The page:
Surviving Armageddon: BC 1 England 0

Cuts of around 40 per cent; government policy to fund only what is required by judges; mass firings of legal aid staff; replacement of a recalcitrant board of the equivalent of the Legal Services Commission and the appointment of a trustee to hammer through belt tightening. You think we have it bad. British Columbia in 2002 was worse. It is still not that good: lawyers in Vancouver have just organised a legal aid boycott.   But, crucially, legal aid in BC began to climb out of the pit – with lessons for us.

The crucial difference between our position and that of BC is that, unlike by Chris Grayling and the Legal Aid Administration, cuts were not seen as an end in themselves. Yes, the government wanted blood but, provided legal aid could work within a reduced budget, then its administration was left free to do the best that it could. At first, the extent of the slaughter left little wriggle room and lawyers still argue that they should have been the first beneficiaries of any discretionary cash. But, the Legal Services Society, the legal aid administrator, has gradually sought to re-engineer its purpose as not only to provide representation in core cases but to deliver self help and advice designed to assist people to resolve legal problems on their own.

The LSS retained key staff during the carnage even though three quarters of its salaried lawyers departed. Heidi Mason was responsible for family law services. Her annual budget had reduced had already reduced from £18m to £10m before the 2002 cuts. It slumped further to 2.5m. What did she do? She went to California to consult with those running self help centres in the courts and decided to set one up in Vancouver. She also established a family duty counsel scheme to provide some form of minimal representation. And, crucially, the LSS published an early family law website to assist litigants in person. ‘We have always worked in a culture of trial and error,’ she said ‘and we gave it a go. We found it was very successful. We started winning awards’. Discovering that lawyers were using the site more than their clients, they tried adding videos to bring in more ordinary people. It worked. In the same iterative way, the LSS eventually added outreach workers to provide face to face assistance where required. The shift from a litigation culture chimed in with the family law zeitgeist more widely with the growth everywhere of mediation and collaborative lawyering: ‘we were inadvertent change agents,’ Ms Mason said.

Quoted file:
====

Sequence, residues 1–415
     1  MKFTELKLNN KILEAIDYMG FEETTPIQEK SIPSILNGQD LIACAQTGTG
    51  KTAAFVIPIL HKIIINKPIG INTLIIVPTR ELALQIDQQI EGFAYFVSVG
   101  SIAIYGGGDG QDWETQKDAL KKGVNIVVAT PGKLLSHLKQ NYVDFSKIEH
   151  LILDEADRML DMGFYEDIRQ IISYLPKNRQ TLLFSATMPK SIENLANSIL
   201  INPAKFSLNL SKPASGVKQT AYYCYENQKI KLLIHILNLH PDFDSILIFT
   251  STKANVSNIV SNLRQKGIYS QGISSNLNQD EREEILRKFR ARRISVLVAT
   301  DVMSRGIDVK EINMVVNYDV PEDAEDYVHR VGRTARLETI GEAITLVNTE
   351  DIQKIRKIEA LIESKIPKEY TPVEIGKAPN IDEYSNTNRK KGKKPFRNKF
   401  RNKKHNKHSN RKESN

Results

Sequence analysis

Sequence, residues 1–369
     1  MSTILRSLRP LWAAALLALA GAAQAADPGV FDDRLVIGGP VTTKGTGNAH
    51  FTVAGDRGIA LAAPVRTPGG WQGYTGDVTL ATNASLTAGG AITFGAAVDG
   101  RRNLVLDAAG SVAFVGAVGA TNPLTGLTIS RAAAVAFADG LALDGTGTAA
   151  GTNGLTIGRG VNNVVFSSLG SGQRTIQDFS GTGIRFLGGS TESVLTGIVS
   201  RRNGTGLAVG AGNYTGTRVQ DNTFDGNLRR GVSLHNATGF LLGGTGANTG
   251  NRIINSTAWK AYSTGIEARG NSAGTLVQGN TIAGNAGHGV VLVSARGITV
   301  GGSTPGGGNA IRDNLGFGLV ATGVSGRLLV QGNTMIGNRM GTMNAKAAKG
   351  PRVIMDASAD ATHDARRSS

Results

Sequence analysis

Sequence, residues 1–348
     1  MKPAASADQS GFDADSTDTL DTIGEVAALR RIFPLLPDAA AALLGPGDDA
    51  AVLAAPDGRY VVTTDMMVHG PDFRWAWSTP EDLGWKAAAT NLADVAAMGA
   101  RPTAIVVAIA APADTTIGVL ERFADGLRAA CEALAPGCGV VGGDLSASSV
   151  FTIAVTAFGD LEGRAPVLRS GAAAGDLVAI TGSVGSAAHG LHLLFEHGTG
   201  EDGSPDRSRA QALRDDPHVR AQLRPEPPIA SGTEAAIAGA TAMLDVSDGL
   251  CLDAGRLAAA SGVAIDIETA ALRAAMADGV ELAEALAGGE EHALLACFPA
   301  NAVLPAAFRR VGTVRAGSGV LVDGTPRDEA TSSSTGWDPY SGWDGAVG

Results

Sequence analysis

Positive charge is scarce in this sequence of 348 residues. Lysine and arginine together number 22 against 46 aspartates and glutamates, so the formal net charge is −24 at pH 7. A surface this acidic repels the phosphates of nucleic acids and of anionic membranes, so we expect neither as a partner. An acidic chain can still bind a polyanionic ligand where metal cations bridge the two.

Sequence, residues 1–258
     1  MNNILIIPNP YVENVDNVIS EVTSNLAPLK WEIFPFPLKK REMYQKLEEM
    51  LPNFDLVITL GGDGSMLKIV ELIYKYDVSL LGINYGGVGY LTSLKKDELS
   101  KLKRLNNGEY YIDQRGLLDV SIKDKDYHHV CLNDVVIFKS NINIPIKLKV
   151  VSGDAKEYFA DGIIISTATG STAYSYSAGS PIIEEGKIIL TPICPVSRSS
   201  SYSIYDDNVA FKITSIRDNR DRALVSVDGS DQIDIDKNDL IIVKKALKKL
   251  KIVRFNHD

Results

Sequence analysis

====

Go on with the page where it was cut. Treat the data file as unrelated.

You can get a flavour of the difference between our two jurisdictions just by reading the strategic objectives which, under new director Mark Benton, the LSS developed in 2003. They included to ‘develop and continually improve an integrated legal aid system’ and both to ‘build and maintain relationships with communities to enhance our mutual ability to meet the needs of people with low incomes’ and to ‘develop, implement and evaluate innovative approaches to improve delivery of legal services’.

Canadian lawyers might have given a hollow laugh at these aspirations but what would they say if they compare them to the Legal Aid Agency’s current business objectives? There are three and the first gives the flavour of the rest: ‘to improve casework to reduce cost, enhance control and give better customer service’. And which more detailed goal reveals the Agency’s understanding of such a goal? To ‘work closely with providers to reduce further the net error rate on payments to providers and on eligibility assessments’. Or, would you prefer another? ‘To ‘continue to increase gross collections through the CCMT scheme, improve collection rates, cash and secured debt ratios and consequently the savings realised’? And, no, I have no idea either what CCMT means either; the document does not explain; and the authors are clearly talking to themselves.

The difference a decade after BC’s cuts is that I have come all the way to Vancouver to see the brilliant work that the Legal Services Society, the Justice Education Society and the Courhouse Libraries are providing in digital delivery to those on low incomes. Google, families, (soon to be for a host of cutting edge provision in the province. Even the Ministry of Justice is joining in. Legislation in 2012 allows the funding of an online small claims court, the civil resolution tribunal, which will come on stream next year. Try even to file an electronic document in our own dear courts. No chance. No imagination. No innovation. Just a Minister and a Ministry shorn of any interest save in reducing expenditure. Cuts, Mr Grayling, are the easy part. Making sense – or even the best – of them takes imagination and innovation. Get on a plane; meet your BC counterparts and be appropriately humble about your government’s limited imagination and barren approach to policy.

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Roger Smith is an expert in domestic and international aspects of legal aid, human rights and access to justice.

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